What is it about?

Oxygen-starved ocean "dead zones", where fish and animals cannot survive, have been expanding in the open ocean and coastal waters for several decades as a result of human industrial and agricultural activity. Trying to predict the scale and location of future dead zones, this study has looked to the past for historical clues. It was found that, today’s largest open ocean dead zone, located in the eastern Pacific Ocean, emerged eight million years ago as a result of increasing nutrient content in the ocean. This mechanism is similar to the formation of dead zones in today’s coastal waters, except that humans are responsible for the current nutrient enrichment.

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Why is it important?

Oxygen is critical to marine ecosystems. In order to better protect marine ecosystems and manage fisheries, it is critical to predict how the oxygen-starved ocean "dead zones" will evolve in the future. The new findings about the history of today's largest ocean dead zone may help better predict the future behavior of open ocean dead zones. For example, human activities have been adding a large amount of nitrogen to the ocean annually. The impact of anthropogenic nitrogen on the deoxygenation processes in the open ocean needs to be better assessed in the future.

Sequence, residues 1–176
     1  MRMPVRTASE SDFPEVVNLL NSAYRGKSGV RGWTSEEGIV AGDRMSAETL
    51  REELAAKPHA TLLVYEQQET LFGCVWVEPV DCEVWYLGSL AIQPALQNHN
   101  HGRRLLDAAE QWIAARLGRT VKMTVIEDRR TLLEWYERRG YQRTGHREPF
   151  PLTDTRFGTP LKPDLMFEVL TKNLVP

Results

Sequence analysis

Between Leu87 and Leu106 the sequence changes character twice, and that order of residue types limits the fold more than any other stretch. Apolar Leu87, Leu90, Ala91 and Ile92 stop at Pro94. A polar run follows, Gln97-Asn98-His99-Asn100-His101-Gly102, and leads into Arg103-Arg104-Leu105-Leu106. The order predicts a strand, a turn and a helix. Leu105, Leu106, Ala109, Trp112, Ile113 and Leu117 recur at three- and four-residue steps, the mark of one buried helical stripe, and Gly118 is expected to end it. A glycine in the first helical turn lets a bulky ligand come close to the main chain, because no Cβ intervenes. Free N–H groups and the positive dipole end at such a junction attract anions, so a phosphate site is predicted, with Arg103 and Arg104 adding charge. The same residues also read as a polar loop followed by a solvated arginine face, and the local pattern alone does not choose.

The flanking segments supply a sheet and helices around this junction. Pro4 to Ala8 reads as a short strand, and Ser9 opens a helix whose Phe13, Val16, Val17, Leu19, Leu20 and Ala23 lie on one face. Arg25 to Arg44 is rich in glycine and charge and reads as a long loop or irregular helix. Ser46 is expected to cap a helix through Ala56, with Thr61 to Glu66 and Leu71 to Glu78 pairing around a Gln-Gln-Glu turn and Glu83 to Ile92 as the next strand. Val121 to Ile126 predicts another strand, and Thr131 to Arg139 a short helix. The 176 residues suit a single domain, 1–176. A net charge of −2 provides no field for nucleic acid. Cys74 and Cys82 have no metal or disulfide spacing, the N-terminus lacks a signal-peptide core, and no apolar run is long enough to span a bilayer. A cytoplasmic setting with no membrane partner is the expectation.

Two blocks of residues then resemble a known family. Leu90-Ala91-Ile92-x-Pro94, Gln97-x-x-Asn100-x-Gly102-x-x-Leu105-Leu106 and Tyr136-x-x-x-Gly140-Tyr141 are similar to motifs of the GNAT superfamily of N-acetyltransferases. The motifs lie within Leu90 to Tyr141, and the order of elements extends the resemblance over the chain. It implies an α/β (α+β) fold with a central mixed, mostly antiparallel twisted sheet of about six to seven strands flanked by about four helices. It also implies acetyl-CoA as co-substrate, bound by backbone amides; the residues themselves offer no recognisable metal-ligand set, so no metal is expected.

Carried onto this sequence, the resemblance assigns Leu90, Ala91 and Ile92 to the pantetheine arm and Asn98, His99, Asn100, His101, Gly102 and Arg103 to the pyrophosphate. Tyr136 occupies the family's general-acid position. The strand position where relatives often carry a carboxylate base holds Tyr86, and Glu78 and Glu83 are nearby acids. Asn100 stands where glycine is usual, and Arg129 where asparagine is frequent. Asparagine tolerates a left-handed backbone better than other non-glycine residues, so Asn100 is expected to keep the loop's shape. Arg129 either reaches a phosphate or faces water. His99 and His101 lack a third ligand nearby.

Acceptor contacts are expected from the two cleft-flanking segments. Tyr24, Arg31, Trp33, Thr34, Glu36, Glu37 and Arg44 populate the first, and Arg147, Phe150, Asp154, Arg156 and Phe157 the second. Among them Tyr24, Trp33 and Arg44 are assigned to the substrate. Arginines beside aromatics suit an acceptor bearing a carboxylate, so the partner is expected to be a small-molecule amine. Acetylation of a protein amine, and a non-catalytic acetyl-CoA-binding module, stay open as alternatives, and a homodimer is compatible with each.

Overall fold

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This page is a summary of: Oceanic nutrient rise and the late Miocene inception of Pacific oxygen-deficient zones, Proceedings of the National Academy of Sciences, November 2022, Proceedings of the National Academy of Sciences,
DOI: 10.1073/pnas.2204986119.
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